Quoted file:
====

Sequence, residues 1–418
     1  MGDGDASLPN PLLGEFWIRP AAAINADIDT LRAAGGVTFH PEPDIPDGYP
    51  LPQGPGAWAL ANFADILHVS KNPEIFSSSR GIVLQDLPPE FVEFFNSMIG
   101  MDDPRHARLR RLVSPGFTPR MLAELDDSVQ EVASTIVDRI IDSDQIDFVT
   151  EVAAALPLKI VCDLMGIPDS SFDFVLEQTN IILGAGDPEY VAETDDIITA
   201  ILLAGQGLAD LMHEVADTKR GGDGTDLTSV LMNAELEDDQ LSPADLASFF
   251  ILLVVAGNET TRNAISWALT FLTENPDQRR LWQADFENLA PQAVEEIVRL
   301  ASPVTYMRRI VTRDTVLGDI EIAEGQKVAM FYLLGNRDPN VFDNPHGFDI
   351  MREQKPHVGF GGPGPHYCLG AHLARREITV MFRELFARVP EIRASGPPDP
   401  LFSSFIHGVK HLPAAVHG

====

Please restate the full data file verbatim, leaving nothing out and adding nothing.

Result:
Sequence, residues 1–418
     1  MGDGDASLPN PLLGEFWIRP AAAINADIDT LRAAGGVTFH PEPDIPDGYP
    51  LPQGPGAWAL ANFADILHVS KNPEIFSSSR GIVLQDLPPE FVEFFNSMIG
   101  MDDPRHARLR RLVSPGFTPR MLAELDDSVQ EVASTIVDRI IDSDQIDFVT
   151  EVAAALPLKI VCDLMGIPDS SFDFVLEQTN IILGAGDPEY VAETDDIITA
   201  ILLAGQGLAD LMHEVADTKR GGDGTDLTSV LMNAELEDDQ LSPADLASFF
   251  ILLVVAGNET TRNAISWALT FLTENPDQRR LWQADFENLA PQAVEEIVRL
   301  ASPVTYMRRI VTRDTVLGDI EIAEGQKVAM FYLLGNRDPN VFDNPHGFDI
   351  MREQKPHVGF GGPGPHYCLG AHLARREITV MFRELFARVP EIRASGPPDP
   401  LFSSFIHGVK HLPAAVHG